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Content archived on 2024-05-27

Biology-Inspired techniques for Self-Organization in dynamic Networks


BISON will explore the use of ideas derived from complex adaptive systems (CAS) to enable the construction of robust and self-organizing information systems for deployment in highly dynamic network environments. BISON will cast solutions to important problems arising in Ad-Hoc and Virtual networks, P2P and Grid computing systems as desirable global properties that systems should exhibit. We will then search for CAS, which can bring about these global properties. Yet BISON will seek to go even further by working to systematize this process to develop a coherent set of heuristics that can guide the search for CAS giving a desired global behaviour. Progress in this direction will give us a systematic framework for constructing solutions to the original problem that inherit the attributes of CAS, including self-repair and self-organization. We expect to achieve this goal by restricting the class of problems and by drawing inspiration from natural systems like insect colonies and immune networks.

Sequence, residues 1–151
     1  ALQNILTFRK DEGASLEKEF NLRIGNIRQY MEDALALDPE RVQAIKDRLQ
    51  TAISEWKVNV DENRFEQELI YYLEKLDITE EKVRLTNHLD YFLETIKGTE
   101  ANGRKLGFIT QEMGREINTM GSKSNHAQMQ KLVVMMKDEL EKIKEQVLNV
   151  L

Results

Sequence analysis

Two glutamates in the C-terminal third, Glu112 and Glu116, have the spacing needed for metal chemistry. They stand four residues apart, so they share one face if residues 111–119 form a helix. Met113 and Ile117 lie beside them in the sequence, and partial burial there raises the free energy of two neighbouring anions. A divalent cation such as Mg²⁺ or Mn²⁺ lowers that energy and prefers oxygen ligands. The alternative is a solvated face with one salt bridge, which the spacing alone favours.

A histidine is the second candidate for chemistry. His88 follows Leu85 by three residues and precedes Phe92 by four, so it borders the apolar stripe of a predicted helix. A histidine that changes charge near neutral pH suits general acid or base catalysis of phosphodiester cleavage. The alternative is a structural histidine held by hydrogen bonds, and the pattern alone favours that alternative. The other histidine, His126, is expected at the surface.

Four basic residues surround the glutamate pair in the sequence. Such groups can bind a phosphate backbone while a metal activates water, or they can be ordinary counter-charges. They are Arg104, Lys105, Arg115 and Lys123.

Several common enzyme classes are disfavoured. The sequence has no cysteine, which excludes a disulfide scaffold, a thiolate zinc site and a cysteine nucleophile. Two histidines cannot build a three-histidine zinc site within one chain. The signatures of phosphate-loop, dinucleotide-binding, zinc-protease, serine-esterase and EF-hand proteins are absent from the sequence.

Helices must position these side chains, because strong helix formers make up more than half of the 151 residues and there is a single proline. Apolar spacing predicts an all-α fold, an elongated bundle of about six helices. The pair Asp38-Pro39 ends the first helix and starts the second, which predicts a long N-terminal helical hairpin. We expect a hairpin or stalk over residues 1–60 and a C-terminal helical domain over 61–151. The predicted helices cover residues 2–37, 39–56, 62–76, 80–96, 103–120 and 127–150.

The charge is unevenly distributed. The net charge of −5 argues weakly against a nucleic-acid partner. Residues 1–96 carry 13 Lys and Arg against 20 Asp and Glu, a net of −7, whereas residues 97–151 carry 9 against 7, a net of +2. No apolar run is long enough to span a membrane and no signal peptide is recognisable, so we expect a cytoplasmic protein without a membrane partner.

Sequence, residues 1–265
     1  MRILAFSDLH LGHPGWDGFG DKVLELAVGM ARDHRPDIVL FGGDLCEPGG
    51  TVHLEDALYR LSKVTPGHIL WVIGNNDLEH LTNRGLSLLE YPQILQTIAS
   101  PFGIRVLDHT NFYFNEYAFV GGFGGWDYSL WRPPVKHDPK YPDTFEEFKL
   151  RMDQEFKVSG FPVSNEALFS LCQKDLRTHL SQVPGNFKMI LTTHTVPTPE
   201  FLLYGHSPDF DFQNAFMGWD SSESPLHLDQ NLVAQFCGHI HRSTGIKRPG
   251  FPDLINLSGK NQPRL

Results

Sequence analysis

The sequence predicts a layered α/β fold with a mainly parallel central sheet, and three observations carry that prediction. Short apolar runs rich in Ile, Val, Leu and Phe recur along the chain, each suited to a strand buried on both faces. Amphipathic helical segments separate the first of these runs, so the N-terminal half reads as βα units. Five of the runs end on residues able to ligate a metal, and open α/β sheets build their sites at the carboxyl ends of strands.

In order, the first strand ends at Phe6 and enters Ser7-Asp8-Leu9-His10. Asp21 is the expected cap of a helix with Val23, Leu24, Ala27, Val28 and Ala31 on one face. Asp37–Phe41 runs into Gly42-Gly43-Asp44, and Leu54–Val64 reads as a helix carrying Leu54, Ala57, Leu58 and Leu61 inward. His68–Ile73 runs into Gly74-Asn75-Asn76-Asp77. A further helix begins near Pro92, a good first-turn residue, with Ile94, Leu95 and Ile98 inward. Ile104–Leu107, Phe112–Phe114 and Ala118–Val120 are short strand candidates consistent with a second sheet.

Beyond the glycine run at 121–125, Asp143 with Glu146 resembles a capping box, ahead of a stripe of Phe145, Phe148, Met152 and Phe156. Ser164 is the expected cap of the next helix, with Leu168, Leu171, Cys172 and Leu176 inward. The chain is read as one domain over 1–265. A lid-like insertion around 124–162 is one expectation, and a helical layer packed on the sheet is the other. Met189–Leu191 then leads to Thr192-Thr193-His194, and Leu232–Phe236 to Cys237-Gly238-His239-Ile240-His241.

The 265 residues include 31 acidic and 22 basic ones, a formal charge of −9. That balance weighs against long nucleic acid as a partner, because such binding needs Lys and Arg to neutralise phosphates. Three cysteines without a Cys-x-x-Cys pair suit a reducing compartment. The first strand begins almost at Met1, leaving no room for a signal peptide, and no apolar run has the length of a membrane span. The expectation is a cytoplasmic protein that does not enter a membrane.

The complexity of modern Network Information Systems (NIS) has reached a level that puts them beyond our ability to deploy, manage and keep functioning correctly through traditional techniques. Part of the problem is due to the sheer size that these systems may reach with millions of users and millions of interconnected devices. The other aspect of the problem is due to the extremely complex interactions that may result among components even when their numbers are modest. Our current understanding of these systems is such that minor perturbations in some remote corner of the system will often have unforeseen, and at times catastrophic, global repercussions. In addition to being fragile, many situations arising from the highly dynamic environment in which they are deployed require manual intervention to keep NIS functioning. What is required is a paradigm shift in confronting the complexity explosion problem to enable building robust NIS that are self-organizing and self-repairing. BISON proposes to draw inspiration from biological processes and develop techniques and tools for building robust, self-organizing and self-repairing NIS as ensembles of autonomous agents that mimic the behaviour of social insects and immune networks. What renders this approach particularly attractive from a dynamic network perspective is that global properties like adaptation, self-organization and robustness are achieved without explicitly programming them into the individual artificial agents. Yet, given large enough colonies of agents, the global behaviour is surprisingly adaptive and can cope with arbitrary initial conditions, unforeseen scenarios, and variations in the environment or presence of deviant agents. This represents a radical shift from traditional algorithmic techniques to that of obtaining the desired system properties as a result of emergent behaviour that often involves evolution, adaptation, or learning.

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